What if? ES5 Classes

Hopefully this will be the first of many blog posts talking about the what ifs in JS. These will cover, normally I would do this but lets say I did this non standard convention for coding. What happens then?

Today we will be covering what happens when are working with JS classes and are not following normal conventions as to truly understand why we use classes the way we do in ES5

So to get started we will look at the code below

  /**
    Constructor function
  */
  function SpaceShip() {
  }

  /**
    Alteration of prototype by adding two methods
  */
  SpaceShip.prototype.shoot = function() {
    console.log("SHOOTING");
  };
  SpaceShip.prototype.beamMeUpScotty = function() {
    console.log("Teleporting");
  };
  var ship1 = new SpaceShip();
  

So as you can see we have a normal class called SpaceShip with two methods. So the first thing we want to look at is the difference between using the new keyword or not.

So the first thing to understand about the keyword new is that it creates an object, then gives it the prototype of SpaceShip.prototype, executes the constructor function with this set to the created object, and finally it returns the newly created object.

So my next question is, if we remove the new keyword to make the code look like this.

    var ship2 = SpaceShip();//undefined
  

Well looking at the value of ship2, as we would expect it has a value of undefined since we are not returning anything in the constructor function.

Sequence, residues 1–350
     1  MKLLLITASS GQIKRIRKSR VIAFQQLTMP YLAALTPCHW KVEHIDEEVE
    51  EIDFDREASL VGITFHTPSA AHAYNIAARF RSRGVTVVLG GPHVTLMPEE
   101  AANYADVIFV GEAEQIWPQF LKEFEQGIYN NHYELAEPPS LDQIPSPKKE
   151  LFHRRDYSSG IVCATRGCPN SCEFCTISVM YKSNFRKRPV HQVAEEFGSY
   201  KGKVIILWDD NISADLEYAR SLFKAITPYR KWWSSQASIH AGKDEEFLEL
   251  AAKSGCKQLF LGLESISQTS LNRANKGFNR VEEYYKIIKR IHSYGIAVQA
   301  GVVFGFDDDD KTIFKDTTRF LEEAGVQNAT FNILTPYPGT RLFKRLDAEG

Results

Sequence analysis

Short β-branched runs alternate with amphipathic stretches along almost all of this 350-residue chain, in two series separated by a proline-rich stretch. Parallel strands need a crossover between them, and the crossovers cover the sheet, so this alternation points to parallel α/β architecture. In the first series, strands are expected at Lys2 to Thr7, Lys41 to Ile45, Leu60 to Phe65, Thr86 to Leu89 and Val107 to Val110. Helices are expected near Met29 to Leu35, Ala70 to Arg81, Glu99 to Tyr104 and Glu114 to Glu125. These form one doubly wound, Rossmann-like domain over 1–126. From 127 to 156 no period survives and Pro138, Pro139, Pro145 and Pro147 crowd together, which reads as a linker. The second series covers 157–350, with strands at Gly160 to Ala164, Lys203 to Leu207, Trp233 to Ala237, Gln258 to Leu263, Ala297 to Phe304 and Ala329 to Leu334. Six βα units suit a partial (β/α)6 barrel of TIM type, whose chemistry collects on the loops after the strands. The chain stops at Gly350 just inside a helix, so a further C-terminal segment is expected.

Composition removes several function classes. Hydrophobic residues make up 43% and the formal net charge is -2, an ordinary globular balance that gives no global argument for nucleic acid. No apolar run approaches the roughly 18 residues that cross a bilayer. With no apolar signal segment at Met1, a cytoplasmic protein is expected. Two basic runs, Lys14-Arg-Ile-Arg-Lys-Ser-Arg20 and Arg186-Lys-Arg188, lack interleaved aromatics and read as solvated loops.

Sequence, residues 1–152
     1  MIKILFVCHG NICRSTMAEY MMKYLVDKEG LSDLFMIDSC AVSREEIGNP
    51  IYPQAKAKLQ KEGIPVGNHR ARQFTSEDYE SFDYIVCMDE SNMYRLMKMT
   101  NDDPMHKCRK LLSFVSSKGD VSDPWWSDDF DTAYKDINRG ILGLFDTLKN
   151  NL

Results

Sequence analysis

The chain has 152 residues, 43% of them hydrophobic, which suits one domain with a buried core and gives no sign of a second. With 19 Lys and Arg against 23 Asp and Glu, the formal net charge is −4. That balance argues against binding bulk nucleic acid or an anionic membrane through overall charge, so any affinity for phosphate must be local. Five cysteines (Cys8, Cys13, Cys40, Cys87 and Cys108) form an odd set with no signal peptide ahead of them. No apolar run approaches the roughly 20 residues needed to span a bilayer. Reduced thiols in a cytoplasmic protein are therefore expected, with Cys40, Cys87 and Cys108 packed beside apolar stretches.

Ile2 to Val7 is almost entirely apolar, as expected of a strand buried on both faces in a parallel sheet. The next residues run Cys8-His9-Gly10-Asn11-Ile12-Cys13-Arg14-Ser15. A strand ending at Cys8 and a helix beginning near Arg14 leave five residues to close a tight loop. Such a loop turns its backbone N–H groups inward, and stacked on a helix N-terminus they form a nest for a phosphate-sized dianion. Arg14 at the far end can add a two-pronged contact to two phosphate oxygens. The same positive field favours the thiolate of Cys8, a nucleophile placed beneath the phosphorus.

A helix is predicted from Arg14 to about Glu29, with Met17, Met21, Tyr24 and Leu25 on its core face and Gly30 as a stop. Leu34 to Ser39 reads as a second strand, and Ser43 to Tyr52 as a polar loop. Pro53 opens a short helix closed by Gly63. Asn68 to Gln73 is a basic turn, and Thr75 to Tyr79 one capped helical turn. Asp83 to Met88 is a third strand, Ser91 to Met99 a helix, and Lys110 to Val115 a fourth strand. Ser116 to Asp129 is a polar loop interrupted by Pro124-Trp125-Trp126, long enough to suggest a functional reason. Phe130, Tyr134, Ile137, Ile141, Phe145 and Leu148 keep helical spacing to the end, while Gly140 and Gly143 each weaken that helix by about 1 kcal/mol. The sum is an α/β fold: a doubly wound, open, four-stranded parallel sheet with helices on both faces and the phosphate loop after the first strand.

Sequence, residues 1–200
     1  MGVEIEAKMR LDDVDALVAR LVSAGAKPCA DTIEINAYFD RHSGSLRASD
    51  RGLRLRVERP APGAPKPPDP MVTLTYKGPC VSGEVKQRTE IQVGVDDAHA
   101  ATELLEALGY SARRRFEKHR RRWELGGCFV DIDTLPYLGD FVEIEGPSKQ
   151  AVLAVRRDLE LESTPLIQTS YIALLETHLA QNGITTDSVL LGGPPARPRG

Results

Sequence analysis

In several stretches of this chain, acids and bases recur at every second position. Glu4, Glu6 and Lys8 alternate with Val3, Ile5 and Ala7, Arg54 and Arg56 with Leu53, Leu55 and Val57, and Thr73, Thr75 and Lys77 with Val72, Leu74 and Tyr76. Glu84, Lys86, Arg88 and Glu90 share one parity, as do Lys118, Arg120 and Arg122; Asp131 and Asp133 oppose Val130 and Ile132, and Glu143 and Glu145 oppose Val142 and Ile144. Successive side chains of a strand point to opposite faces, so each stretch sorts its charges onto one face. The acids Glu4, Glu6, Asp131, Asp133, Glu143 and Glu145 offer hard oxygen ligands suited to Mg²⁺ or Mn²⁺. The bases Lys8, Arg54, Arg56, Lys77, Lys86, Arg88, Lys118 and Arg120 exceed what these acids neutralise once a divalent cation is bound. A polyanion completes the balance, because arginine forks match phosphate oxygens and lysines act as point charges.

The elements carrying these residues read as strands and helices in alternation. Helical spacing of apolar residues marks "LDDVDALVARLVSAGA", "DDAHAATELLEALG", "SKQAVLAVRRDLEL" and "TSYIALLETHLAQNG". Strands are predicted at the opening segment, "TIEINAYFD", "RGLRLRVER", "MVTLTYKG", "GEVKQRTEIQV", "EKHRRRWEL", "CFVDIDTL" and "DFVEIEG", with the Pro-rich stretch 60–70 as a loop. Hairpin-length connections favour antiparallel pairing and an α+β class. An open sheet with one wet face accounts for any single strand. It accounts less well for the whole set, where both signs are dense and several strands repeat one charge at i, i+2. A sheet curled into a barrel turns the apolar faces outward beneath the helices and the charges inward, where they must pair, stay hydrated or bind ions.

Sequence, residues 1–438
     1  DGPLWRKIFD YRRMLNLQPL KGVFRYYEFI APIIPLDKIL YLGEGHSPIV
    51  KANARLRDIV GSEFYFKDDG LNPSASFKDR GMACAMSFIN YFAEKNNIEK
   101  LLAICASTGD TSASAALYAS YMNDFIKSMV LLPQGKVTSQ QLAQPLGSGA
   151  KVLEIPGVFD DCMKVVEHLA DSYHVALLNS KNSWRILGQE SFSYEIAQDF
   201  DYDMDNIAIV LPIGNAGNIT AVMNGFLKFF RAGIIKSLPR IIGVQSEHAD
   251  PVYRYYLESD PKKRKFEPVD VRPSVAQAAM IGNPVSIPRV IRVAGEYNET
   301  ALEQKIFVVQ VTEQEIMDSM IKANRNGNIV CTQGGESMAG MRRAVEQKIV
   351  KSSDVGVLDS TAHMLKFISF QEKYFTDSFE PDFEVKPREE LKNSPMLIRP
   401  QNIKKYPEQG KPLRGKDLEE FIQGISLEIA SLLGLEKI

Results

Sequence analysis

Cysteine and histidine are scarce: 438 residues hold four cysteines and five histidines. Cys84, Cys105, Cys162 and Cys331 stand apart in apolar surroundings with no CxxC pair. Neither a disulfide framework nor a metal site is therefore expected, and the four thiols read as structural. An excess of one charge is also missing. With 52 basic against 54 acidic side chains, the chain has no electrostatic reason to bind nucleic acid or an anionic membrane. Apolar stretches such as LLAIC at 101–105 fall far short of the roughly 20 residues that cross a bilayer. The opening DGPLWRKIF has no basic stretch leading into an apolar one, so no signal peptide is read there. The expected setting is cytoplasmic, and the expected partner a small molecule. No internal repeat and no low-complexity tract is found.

This made me wonder about what if a return value was specified in the constructor, what would happen to ship1 and ship2. So I modified the constructor code to look like this.

    function SpaceShip() {
      return "laserParts";
    }
    var ship1 = new SpaceShip();//Same object as before
    var ship2 = SpaceShip();//laserParts
  

Ok so nothing we did not expect from this, good. So now what if we were to try and run the methods with and without the new keyword.

    ship1.shoot();//SHOOTING
    ship2.shoot();//TypeError: ship2.shoot is not a function
  

Great so it looks like the new keyword with ship1 will allow the methods to be seen and accessed and as for poor ship2, it is simply a string of laserParts that does not have any of the methods we specified at the top for how a space ship should operate.

The last thing I was wondering about was the use of variables. So if I changed the constructor to have variables and I attempted to access them, then what would that look like for the methods and trying to access the public variables. So I modified the code to look like this.

    /**
      Constructor function
    */
    function SpaceShip() {
      this.holodeck = "occupied";
    }

    /**
      Alteration of prototype by adding one method
    */
    SpaceShip.prototype.getHolodeckStatus = function () {
      return this.holodeck;
    };
    var ship1 = new SpaceShip();
    var ship2 = SpaceShip();
    ship1.getHolodeckStatus();//occupied
    ship2.getHolodeckStatus();//TypeError: Cannot read property 'getHolodeckStatus' of undefined
  

So above I added a holodeck to the ship via a variable and simply created a method that returns whether I can go use the holodeck or not. It looks like as we expected, ship1 was able to return me the status because again it is a SpaceShip object, where as ship2 was undefined since I was not returning anything from the constructor and was not able to give me a report on its holodeck, because it was not a space ship.

So there you have it folks a quick study in some of the what if sanity checks for ES5 classes. Beam me up Scotty.